“If the Philippines abuses China’s goodwill and infringes upon China’s territorial sovereignty and jurisdiction, we will defend our rights and take countermeasures in accordance with the law. Relevant responsibilities and consequences shall be borne solely by the Philippines,” foreign ministry spokesman Wang Wenbin told reporters in Beijing.

Expected standoff

The resource-rich Scarborough Shoal lies within Manila’s 200-nautical mile EEZ, as mandated under the United Nations Convention on the Law of the Sea (UNCLOS). But it has been under Beijing’s de facto control since 2012, when China wrested control from the Philippines after a weeks-long standoff.

China claims almost the entire South China Sea. In 2016, after Manila sued Beijing, an international court invalidated China’s expansive claims and ruled that the shoal is a traditional fishing ground for the Philippines, Vietnam, and China. Beijing has refused to acknowledge the ruling, asserting what it calls historical claims over the waters.

Wednesday’s voyage is Atin Ito!’s second supply mission to the West Philippine Sea. In December 2023, it set out to deliver supplies and Christmas gifts to Filipino troops stationed aboard the BRP Sierra Madre at Second Thomas (Ayungin) Shoal, but the convoy was forced to turn back after consistent shadowing by Chinese ships.

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Filipino fishermen place symbolic buoys carrying the message “WPS, Atin Ito!” (“West Philippine Sea, this is ours!”) in waters within the nation’s 200 nautical-mile exclusive economic zone, May 15, 2024. [Jojo Riñoza/BenarNews]

The convoy is expected to arrive near the shoal early Thursday to distribute supplies to Filipino fishermen operating in waters around the shoal. Because of the expected presence of Chinese ships, organizers do not know if they will be able to reach their destination.

Days before the convoy set sail, Beijing sent ships to the area, with Chinese state media reporting on Monday that the CCG was conducting training in Huangyan Dao. This was on top of the constant presence of two or three Chinese ships.  

In a post on X (formerly Twitter) Ray Powell, who heads Stanford University’s Gordian Knot Center for National Security Innovation and monitors activities in the South China Sea, said a Chinese force of 43 ships was stationed near the shoal, seemingly ready to face the civilian flotilla.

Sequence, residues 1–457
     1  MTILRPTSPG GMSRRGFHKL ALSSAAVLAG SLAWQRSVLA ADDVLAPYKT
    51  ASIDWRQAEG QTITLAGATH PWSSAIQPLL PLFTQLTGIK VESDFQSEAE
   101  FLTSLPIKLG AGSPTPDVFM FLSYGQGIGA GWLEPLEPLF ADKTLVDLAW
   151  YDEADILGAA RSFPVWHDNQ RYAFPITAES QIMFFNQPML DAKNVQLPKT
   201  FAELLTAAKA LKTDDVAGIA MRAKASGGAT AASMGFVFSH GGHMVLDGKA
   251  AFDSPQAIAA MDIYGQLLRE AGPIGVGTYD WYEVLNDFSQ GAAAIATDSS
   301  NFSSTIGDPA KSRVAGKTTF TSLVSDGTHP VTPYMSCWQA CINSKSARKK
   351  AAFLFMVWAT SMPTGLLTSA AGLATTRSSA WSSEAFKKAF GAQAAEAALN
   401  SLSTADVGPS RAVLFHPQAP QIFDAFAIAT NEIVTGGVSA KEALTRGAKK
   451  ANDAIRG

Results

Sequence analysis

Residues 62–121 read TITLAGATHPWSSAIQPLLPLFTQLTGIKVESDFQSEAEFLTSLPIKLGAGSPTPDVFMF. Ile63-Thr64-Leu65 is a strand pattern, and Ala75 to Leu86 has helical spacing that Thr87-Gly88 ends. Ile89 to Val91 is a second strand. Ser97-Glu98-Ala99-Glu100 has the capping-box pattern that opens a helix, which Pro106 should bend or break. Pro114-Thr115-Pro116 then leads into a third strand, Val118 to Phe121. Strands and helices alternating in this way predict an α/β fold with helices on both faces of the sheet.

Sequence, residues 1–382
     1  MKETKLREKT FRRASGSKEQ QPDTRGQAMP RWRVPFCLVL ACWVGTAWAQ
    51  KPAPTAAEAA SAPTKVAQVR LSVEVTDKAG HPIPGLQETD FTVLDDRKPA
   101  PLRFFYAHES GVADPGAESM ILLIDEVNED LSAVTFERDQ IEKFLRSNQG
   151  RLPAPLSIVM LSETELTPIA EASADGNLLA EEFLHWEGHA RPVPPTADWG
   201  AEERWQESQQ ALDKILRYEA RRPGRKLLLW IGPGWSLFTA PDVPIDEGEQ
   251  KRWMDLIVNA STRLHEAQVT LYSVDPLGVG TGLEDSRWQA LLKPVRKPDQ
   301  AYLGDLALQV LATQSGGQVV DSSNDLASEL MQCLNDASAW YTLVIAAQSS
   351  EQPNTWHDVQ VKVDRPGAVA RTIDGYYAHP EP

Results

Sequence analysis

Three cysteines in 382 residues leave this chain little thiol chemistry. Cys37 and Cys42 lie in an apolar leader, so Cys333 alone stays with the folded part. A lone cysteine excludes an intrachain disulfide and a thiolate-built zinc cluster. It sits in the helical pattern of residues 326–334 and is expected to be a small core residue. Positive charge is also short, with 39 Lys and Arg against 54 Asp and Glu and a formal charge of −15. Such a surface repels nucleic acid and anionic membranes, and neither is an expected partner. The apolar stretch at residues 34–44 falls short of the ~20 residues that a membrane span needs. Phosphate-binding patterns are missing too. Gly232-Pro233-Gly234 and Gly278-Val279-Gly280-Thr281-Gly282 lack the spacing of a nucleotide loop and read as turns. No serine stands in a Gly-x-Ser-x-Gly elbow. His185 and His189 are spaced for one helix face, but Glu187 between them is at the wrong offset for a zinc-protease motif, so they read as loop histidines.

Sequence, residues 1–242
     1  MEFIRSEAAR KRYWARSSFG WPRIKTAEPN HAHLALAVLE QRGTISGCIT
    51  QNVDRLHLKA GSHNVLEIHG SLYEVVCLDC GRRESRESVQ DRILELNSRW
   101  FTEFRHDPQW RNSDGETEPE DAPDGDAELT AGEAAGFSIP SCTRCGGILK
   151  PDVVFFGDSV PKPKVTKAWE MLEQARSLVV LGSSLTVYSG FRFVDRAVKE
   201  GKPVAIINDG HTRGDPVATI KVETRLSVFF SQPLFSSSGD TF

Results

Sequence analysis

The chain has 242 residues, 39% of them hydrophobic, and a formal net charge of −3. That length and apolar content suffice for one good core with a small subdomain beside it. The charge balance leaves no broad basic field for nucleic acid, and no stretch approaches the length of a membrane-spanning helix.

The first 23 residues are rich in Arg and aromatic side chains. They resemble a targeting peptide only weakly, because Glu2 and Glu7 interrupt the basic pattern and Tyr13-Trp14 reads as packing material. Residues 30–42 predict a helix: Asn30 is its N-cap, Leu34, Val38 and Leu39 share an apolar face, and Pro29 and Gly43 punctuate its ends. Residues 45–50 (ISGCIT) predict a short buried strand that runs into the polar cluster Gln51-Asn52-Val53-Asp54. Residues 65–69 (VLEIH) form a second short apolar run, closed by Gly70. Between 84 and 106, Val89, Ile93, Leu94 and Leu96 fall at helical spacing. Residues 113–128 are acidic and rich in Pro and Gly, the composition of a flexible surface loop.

Two weeks ago, on April 30, CCG ships fired water cannon at Manila’s government ships near the shoal, causing damage. 

The Philippine government summoned Zhou Zhiyong, the deputy chief of mission at the Chinese embassy in Manila, and “demanded that Chinese vessels leave Bajo de Masinloc and its vicinity immediately.” 

China claimed those operations were “professional, standardized and legal,” saying the Philippines’ actions infringed on Beijing’s sovereignty over the area and violated “international law and basic norms of international relations.”

The Philippine civilians remained unfazed despite the risks. Rafaela David, one of the Atin Ito! organizers, said the convoy was seeking to “normalize” access to the West Philippine Sea.

“If China is militarizing our own EEZ, we’re there to civilianize our own seas because at the end of the day, we stand by the belief that the West Philippine Sea should be accessible to ordinary citizens,” David told reporters in Botolan, a town in Zambales province, on the even of the trip.

Days before the mission, Global Times, the Chinese Communist Party’s official mouthpiece, accused the group of being funded by the United States and planning to provoke China. The group denied it.

“We have our own minds,” Edicio dela Torre, 80, a former priest turned activist and one of the coalition’s leaders, said during the same briefing on Tuesday. “China does not believe in civilian actions because they think all these are part of the government.”

David said China’s reaction shows it was rattled by the civilian movement.

“Ordinary Filipinos are coming hand-in-hand in peaceful means, showing they are not intimidated by someone as big as China,” he said.

CORRECTION: An earlier version of this report incorrectly stated that the Philippine civilian boats were “hundreds of miles” from their destination when China Coast Guard ships were seen shadowing them on Wednesday night.